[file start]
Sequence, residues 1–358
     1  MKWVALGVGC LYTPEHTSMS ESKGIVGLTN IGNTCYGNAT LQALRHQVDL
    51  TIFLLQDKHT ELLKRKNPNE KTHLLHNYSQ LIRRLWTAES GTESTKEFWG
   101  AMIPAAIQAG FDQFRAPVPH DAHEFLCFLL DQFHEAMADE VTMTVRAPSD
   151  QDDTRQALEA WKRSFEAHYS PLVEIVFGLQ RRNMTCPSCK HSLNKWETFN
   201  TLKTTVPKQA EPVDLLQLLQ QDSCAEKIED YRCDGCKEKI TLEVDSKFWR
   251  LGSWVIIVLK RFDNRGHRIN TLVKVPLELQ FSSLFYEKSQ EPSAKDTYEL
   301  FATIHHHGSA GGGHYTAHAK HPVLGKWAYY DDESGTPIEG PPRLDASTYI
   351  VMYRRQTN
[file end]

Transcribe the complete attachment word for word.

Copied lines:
Sequence, residues 1–358
     1  MKWVALGVGC LYTPEHTSMS ESKGIVGLTN IGNTCYGNAT LQALRHQVDL
    51  TIFLLQDKHT ELLKRKNPNE KTHLLHNYSQ LIRRLWTAES GTESTKEFWG
   101  AMIPAAIQAG FDQFRAPVPH DAHEFLCFLL DQFHEAMADE VTMTVRAPSD
   151  QDDTRQALEA WKRSFEAHYS PLVEIVFGLQ RRNMTCPSCK HSLNKWETFN
   201  TLKTTVPKQA EPVDLLQLLQ QDSCAEKIED YRCDGCKEKI TLEVDSKFWR
   251  LGSWVIIVLK RFDNRGHRIN TLVKVPLELQ FSSLFYEKSQ EPSAKDTYEL
   301  FATIHHHGSA GGGHYTAHAK HPVLGKWAYY DDESGTPIEG PPRLDASTYI
   351  VMYRRQTN